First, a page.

In 2007, no browser completed the integration of CSS 2.1: it would be implemented 56% by Internet Explorer 7, 91% by Firefox 2 and 94% by Opera 9. In addition, only some graphical browsers have successfully passed or retained as an objective the Acid2 test, launched in 2005 by the Web Standards Project, at the initiative of Håkon Lie, to promote in particular the implementation of a choice of CSS 2.1 features considered as the main necessary advances: positioning of elements during display, generalization of the table rendering model to all elements, content generated via CSS. The professional use of CSS, therefore, remains limited to an arbitrary subset of it, determined by common implementations.


Advanced CSS3 Specification
Advanced CSS3 Specification

The development of the third level of cascading style sheets began in 1999, in parallel with CSS 2.1.

CSS3 becomes “modular”, in order to facilitate its updates, but also its implementation by user agents with increasingly varied capacities and needs (graphical browsers, mobile browsers, voice browsers). This allows browsers to implement subsets of CSS3.

Therefore, the level of progress of CSS3 varies according to the modules and the degree of priority given to them by the CSS working group. In 2007, the most advanced modules (candidate recommendations) concern:

  • Ruby annotation formatting;
  • Style negotiation between servers and user agents (“Media Queries”);
  • Web TV rendering;
  • color management;
  • consideration of user interface configuration.

In other cases, modules may reach the candidate recommendation stage, but are subsequently reduced to the working document stage due to difficulties updated following the call for implementation. This is for example the case of the typography module “CSS Text”.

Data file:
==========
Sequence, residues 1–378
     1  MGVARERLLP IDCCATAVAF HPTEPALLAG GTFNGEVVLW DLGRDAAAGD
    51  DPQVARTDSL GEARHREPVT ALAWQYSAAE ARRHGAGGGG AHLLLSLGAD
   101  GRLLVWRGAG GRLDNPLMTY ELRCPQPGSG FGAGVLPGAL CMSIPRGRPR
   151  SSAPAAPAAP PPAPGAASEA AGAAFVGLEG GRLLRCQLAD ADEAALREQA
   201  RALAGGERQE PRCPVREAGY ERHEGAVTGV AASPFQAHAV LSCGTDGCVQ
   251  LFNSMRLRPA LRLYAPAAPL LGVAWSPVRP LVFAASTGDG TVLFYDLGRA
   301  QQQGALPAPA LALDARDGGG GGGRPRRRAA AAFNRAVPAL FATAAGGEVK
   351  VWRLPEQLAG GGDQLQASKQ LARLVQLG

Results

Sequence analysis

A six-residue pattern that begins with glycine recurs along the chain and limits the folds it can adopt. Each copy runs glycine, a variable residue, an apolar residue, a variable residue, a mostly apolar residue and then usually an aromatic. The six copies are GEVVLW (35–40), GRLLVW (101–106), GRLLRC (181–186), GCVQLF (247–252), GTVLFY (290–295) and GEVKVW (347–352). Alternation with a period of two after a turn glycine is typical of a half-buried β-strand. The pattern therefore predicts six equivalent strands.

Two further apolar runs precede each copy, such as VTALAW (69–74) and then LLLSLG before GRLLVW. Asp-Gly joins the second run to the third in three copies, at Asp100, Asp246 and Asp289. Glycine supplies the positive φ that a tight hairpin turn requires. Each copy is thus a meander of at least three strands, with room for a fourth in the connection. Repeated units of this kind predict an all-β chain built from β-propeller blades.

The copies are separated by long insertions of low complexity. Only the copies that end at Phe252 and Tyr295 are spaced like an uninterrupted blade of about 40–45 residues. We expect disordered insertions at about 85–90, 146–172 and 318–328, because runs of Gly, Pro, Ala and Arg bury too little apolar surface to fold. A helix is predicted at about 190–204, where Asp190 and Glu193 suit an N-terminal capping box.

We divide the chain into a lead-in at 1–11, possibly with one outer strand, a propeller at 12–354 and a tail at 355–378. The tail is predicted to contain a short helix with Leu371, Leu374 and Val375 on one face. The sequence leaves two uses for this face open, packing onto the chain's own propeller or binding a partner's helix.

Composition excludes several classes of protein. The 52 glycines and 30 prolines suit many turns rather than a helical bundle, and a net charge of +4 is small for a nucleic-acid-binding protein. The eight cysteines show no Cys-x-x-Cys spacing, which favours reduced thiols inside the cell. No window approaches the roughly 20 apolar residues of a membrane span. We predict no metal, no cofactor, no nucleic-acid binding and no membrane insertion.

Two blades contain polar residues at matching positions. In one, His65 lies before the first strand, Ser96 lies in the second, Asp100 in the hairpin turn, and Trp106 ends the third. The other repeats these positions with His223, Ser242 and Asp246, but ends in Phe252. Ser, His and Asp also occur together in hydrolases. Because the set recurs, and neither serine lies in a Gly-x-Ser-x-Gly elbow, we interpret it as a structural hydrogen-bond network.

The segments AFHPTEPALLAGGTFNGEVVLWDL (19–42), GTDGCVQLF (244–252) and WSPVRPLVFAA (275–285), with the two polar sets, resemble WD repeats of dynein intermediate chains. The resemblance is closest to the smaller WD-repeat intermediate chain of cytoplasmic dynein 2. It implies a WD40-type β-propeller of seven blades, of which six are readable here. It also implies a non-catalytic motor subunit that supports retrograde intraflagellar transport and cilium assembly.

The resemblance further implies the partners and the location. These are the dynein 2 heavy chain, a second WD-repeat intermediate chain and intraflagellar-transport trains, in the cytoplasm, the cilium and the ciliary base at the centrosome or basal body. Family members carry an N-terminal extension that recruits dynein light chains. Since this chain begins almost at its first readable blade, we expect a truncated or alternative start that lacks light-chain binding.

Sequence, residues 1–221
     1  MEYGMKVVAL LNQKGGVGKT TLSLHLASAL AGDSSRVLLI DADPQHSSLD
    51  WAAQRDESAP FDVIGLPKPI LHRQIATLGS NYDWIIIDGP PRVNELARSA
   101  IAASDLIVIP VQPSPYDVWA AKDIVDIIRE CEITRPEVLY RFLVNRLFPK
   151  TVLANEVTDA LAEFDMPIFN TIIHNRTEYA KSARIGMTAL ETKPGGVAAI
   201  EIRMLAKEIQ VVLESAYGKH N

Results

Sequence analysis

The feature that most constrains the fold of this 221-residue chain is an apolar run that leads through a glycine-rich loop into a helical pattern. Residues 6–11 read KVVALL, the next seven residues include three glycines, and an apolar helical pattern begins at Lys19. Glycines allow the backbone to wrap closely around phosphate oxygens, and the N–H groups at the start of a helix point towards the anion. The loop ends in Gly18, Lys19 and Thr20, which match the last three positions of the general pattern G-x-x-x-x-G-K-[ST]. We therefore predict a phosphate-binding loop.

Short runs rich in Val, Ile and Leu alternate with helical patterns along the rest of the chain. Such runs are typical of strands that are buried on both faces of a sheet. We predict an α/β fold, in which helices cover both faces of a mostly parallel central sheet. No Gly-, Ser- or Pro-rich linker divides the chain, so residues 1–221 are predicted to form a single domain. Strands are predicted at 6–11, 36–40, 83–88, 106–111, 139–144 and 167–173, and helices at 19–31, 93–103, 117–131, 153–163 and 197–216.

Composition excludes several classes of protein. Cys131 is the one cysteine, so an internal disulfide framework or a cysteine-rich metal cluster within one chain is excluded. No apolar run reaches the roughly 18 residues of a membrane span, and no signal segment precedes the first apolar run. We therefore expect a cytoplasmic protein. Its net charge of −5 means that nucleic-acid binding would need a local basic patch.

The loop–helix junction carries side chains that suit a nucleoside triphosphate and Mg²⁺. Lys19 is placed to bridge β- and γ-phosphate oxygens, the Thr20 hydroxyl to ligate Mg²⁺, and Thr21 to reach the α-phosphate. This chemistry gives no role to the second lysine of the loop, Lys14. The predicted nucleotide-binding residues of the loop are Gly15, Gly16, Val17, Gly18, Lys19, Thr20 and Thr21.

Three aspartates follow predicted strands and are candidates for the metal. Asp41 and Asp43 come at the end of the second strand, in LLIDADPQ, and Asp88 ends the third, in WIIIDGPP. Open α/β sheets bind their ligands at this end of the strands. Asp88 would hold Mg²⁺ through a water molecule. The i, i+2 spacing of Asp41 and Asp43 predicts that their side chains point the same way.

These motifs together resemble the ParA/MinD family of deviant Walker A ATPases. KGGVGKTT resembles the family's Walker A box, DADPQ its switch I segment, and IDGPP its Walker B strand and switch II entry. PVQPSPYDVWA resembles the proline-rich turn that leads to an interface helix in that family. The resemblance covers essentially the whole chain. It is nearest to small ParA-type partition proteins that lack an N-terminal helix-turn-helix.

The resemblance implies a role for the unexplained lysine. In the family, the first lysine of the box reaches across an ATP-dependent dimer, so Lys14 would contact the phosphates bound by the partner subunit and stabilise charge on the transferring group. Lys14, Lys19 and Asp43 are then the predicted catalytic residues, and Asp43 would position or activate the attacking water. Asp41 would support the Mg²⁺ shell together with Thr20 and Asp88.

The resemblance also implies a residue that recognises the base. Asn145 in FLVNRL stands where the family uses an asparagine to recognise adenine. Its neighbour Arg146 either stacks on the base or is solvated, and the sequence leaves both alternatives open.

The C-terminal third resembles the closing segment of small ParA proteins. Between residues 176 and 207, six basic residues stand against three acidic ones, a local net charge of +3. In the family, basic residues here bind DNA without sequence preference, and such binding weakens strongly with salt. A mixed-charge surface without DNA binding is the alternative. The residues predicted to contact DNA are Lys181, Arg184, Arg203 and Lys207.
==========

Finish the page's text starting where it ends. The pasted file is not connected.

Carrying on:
Similarly, implementations vary according to the policies and needs of different browsers:

  • For example, Opera implements “Media Queries”, which meet its specific needs as a cross-platform browser embedded on clients with a wide variety of display capabilities;
  • Firefox, which is more oriented towards the browser operated as a platform, prefers modules appropriate for this purpose, such as the advanced selectors module.

A Dutch programmer, Jori Koolstra, proposed in 2002 the notion of dynamic cascading style sheets.

Some members of the CSS working group, as well as web developers, raised the issue of CSS3’s slow progress:

  • for Ian Hickson, “the CSS working group is now suffering from chronic dysfunctions”: its too-closed nature deprives it of the contributors necessary for editing specifications, reviewing them or writing test suites;
  • for Daniel Glazman, this slowness is explained by 3 original errors: the choice to develop CSS by level and not by successive versions, the priority given to the CSS 2.1 revision to the detriment of CSS3, the excessive number of CSS3 modules and the complexity of the properties that are developed there.

As of 2008, no module is considered completed by the W3C, and implementation in browsers is therefore marginal, often as a test, like -moz functions-… of the Gecko engine, whose prefix limits its use to Gecko-based browsers only.